How to Enable AutoSave in Davinci Resolve 17

How to Enable AutoSave in Davinci Resolve 17

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As with any multi-hour-long project, getting access to an autosave feature can save you a ton of time in the event of a program or PC crash. Unfortunately, this is not enabled by default in DaVinci Resolve 17, so you’ll actually have to enable the autosave feature yourself.

It is actually very easy to do this, only requiring but a few clicks on your part. Then you’ll need to assign a folder where the backups will be saved with regularity.

The Process to Enable AutoSave in DaVinci Resolve 17

Enable Autosave in DaVinci Resolve 17

Enabling Autosave in DaVinci Resolve 17 is very easy:

  1. Click on DaVinci Resolve in the top menu navigation bar
  2. Select Preferences
  3. Select User
  4. Select Project Save and Load
  5. Check “Live Save” and “Project Backups”
  6. Set your backup intervals – 10 minutes, 2 hours and 2 days being the default
    • I recommend saving every 10 minutes, 2 hours, and 1 day respectively
  7. Click Save

And you’re set up! So now you won’t have to worry about losing too much work in the event of a power outage, computer crash, or program lockup. Couple this with access to the Undo History, and you’re set to make your content without worry!

The Downside to Backups

There is only one downside associated with saving backups – file storage. Backup files aren’t that big, but they do add up, and given the size of raw video already, it comes as no surprise that storage starts to be valued at a premium. There is a reason YouTube channels and companies that deal with video make fileservers that store multiple petabytes of data as they continue growing their video library.

For some reference, a single Petabyte is 1000 terabytes or 10,000 gigabytes of data.

I have been considering a Synology NAS to alleviate some of the storage pressure on my main computer rig, which is nearing its storage limitations at almost 6 terabytes with images, games, games I’m making, pictures, and other mainstay files. My folder structure looks as though an f5 tornado ran through my filesystem… (It pays to be organized!)

This may be even more important to you as a video-first creator, as finding b-roll to use for your following projects can come from your older projects. Keep an organized structure from the start, and you’ll thank me later.

Does It Matter if Backups Are Stored on a HDD or SSD?

Video needs a Lot of Storage

The answer to this is, “well, it depends.”

SSD’s are:

  • Cheaper than ever
  • Quiet
  • Reliable
  • More energy efficient
  • More resiliant to kinetic impacts
  • Way faster (In most cases)
  • Smaller
  • Lighter
  • Gives you a more fluid editing experience than traditional Hard disk storage solutions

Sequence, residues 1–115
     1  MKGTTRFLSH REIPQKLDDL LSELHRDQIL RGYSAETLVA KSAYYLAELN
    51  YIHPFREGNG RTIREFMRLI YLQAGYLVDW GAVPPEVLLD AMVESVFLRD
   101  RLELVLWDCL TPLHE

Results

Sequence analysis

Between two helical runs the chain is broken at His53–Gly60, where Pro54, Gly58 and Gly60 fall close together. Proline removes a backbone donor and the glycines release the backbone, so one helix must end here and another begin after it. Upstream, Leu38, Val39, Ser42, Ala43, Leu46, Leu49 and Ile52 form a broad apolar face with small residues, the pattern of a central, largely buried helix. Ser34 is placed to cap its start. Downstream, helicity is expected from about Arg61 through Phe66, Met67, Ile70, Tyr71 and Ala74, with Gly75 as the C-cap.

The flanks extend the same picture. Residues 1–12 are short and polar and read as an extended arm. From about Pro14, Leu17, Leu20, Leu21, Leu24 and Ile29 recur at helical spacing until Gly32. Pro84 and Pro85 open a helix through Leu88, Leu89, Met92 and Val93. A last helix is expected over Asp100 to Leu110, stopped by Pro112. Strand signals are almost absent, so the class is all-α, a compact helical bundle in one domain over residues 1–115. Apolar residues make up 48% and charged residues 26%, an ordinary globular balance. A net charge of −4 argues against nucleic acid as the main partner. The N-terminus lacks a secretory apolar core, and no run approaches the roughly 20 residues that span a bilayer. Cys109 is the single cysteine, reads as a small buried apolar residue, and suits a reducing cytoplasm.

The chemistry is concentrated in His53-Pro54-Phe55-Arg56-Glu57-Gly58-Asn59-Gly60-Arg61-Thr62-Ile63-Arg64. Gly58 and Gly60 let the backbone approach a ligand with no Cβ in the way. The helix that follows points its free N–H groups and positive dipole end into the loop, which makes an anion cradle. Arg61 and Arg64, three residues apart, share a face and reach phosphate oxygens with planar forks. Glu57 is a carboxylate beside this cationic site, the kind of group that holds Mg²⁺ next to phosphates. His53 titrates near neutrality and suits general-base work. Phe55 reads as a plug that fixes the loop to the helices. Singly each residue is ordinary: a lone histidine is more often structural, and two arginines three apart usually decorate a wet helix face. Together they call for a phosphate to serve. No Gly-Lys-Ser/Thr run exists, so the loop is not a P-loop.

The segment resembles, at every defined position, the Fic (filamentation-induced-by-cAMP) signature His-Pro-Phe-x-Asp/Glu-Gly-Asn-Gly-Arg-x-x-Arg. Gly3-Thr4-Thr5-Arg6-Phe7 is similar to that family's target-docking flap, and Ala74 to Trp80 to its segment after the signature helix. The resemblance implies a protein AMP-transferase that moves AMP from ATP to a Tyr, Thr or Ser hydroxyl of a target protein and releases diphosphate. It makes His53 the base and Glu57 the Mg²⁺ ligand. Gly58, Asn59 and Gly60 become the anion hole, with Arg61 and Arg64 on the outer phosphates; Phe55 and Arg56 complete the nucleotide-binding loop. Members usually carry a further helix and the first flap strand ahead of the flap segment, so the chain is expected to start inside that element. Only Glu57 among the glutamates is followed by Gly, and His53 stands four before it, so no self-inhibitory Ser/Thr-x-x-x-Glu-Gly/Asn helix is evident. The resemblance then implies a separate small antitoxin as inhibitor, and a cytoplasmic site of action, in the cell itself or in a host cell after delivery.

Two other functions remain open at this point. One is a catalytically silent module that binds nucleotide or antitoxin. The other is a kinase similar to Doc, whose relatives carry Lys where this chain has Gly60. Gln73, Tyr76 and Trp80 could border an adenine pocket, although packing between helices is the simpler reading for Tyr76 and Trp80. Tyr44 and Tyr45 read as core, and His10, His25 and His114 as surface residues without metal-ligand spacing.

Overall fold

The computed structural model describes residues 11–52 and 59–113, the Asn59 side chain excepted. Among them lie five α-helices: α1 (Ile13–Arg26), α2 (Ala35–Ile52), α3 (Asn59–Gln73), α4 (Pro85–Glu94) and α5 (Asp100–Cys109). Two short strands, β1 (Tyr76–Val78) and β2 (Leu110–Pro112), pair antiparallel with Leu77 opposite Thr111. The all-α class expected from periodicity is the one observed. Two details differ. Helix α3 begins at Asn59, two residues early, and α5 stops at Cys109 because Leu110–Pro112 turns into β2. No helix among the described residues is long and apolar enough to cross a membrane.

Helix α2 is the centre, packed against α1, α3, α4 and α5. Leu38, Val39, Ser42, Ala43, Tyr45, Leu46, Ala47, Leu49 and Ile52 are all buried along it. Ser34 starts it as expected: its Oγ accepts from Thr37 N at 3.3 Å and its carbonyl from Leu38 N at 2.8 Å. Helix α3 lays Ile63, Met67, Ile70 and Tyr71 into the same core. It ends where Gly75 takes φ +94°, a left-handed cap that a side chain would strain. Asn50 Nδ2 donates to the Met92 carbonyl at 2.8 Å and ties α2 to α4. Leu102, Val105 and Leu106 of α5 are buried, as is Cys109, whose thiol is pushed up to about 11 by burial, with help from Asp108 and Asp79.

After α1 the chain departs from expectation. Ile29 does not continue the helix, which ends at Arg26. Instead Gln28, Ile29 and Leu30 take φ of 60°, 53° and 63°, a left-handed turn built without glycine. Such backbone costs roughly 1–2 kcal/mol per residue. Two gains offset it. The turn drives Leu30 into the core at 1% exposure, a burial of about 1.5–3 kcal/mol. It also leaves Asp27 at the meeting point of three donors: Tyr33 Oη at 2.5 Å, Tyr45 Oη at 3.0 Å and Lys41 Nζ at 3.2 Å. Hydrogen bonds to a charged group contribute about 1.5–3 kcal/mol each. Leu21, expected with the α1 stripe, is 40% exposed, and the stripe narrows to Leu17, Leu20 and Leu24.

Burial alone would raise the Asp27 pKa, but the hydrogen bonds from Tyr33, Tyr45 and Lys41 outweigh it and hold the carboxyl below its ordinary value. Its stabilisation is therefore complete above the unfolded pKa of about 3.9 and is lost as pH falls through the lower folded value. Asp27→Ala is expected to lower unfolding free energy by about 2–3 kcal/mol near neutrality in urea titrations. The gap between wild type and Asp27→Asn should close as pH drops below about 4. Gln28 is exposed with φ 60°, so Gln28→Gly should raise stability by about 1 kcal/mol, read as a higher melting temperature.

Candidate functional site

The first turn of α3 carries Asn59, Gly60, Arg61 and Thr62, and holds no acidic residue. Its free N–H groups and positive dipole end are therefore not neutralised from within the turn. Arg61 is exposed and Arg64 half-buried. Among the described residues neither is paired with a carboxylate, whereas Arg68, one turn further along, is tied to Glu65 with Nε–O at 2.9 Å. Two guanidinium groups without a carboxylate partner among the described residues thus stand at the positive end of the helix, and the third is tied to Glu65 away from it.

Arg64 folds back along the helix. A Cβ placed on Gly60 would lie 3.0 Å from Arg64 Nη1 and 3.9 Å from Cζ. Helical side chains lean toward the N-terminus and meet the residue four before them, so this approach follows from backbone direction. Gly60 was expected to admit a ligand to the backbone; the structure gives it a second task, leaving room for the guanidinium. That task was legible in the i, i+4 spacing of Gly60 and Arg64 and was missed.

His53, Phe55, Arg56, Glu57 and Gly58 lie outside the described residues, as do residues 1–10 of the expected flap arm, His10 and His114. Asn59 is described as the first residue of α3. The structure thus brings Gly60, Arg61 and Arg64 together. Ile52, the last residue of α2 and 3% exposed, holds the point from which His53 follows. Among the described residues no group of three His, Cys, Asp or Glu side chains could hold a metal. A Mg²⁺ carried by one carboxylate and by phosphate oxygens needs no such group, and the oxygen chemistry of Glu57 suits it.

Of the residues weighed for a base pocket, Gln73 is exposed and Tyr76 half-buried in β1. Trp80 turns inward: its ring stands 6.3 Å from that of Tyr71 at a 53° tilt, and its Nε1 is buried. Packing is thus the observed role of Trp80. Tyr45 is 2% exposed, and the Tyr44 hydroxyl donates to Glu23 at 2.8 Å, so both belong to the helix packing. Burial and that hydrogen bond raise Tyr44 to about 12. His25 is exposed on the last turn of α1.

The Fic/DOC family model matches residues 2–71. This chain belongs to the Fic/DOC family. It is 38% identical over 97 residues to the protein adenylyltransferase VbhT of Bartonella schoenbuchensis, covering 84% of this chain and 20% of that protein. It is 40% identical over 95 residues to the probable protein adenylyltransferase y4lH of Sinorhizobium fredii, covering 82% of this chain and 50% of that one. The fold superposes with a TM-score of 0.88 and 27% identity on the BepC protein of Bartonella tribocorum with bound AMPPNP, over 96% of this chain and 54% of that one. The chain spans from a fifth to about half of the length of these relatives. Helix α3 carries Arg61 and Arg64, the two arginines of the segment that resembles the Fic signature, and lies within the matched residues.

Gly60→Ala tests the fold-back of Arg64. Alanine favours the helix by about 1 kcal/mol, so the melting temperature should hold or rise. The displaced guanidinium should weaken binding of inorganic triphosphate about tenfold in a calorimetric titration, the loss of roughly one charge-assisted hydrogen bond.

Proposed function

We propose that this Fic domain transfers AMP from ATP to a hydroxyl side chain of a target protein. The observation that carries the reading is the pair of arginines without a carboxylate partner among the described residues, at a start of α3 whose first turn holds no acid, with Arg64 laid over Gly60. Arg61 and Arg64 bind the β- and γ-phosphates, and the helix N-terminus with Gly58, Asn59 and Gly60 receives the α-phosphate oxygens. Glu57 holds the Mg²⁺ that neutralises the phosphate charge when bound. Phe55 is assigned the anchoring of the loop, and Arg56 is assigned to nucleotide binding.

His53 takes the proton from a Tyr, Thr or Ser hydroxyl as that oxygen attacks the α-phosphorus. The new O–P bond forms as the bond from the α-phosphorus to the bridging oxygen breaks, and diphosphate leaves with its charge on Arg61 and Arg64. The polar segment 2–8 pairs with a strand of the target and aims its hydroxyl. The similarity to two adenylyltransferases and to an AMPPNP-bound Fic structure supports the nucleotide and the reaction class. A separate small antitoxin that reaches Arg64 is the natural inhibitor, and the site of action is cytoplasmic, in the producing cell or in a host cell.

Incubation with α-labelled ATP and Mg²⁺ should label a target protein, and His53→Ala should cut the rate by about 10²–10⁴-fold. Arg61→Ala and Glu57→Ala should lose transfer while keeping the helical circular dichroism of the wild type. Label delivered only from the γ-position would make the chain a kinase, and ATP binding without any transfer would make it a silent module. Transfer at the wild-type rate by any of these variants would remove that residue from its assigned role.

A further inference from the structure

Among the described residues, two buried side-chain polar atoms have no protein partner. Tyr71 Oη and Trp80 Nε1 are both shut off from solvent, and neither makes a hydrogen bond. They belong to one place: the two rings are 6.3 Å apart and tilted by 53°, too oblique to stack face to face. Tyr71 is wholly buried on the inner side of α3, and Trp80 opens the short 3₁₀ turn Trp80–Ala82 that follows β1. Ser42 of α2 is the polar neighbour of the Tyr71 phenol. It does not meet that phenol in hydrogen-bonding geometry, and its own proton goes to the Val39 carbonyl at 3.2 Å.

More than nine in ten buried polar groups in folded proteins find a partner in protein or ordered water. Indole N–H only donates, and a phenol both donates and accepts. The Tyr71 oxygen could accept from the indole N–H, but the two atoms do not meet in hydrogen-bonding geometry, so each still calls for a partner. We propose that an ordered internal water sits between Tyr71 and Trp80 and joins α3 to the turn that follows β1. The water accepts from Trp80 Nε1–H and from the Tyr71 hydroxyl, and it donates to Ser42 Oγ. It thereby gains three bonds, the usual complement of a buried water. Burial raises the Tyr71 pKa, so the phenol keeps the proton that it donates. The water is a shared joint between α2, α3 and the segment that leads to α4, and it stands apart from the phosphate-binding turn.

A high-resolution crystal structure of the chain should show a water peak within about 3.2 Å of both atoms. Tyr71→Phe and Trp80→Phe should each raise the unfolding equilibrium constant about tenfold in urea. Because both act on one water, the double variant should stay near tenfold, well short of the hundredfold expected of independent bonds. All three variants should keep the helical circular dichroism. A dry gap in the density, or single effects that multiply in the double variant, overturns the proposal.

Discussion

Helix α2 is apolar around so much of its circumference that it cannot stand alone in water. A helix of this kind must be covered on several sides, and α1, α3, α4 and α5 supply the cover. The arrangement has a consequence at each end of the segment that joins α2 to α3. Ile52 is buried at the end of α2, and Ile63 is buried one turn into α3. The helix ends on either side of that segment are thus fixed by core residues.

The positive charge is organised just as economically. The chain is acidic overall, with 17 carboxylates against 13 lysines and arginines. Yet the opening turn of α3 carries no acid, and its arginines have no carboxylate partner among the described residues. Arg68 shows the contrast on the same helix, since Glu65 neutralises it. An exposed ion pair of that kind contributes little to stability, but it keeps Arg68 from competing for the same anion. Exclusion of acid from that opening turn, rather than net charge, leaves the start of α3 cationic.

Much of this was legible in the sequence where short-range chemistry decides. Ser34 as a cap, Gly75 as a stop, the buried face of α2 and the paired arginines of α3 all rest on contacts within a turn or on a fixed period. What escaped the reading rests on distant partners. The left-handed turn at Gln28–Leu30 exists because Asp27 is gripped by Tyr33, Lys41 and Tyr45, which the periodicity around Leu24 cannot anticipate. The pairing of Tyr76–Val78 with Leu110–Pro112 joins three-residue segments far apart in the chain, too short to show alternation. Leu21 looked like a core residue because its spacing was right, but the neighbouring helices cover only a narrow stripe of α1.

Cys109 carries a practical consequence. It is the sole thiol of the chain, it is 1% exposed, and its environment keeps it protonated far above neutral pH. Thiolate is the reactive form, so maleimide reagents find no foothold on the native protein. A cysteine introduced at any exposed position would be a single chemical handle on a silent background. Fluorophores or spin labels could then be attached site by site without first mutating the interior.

• Among other benefits

However, high-capacity SSD’s that are fast, reliable, and don’t cost several hundred or even thousands of dollars are still not really a thing. Here is an equivalent HDD to that SSD (in terms of capacity) I linked to – Seagate Ironwolf NAS HDD. Much slower, yes, but way cheaper. As video is notorious for its exorbitant file footprint, these high-capacity storage solutions are ideal for the reasons above.

It technically does matter what storage medium you choose, but you can work around this with a few extra steps added to your workflow.

The autosave backup files can be moved to your primary, high-speed SSD “scratch disk” or working drive for editing and get all of the benefits of timeline performance with none of the other drawbacks. But, of course, this drive will see a lot of writing done to it, which reduces the lifespan of an SSD, which has a limited number of total writes possible.

I wouldn’t worry too much about hitting that write limit any time soon but expect to have to replace your drive in a few years of heavy use. Video editing is more write-intensive than other applications, so keep an eye on your drive health SMART reports. The drive will issue you a warning if it is nearing the end of its life, though. Just be sure to listen to it when it does because it doesn’t have much longer to live when it does warn you.

So then, would a HDD be better in this case?

Possibly, if you want to get the most storage possible for your money. You’ll want to throw them in a Raid array for redundancy in case of a drive failure (they do happen!), and you have a pretty good setup.

My recommendation for your first file storage solution would be HDDs, specifically for their low cost and High Capacity capabilities. Just don’t jostle them in operation, or your drive head can crash into your platter and destroy the drive and the data it contained. I had that happen once when I knocked over an external HDD with a giant chair when I was playing with it as a kid. RIP whatever was in that drive.

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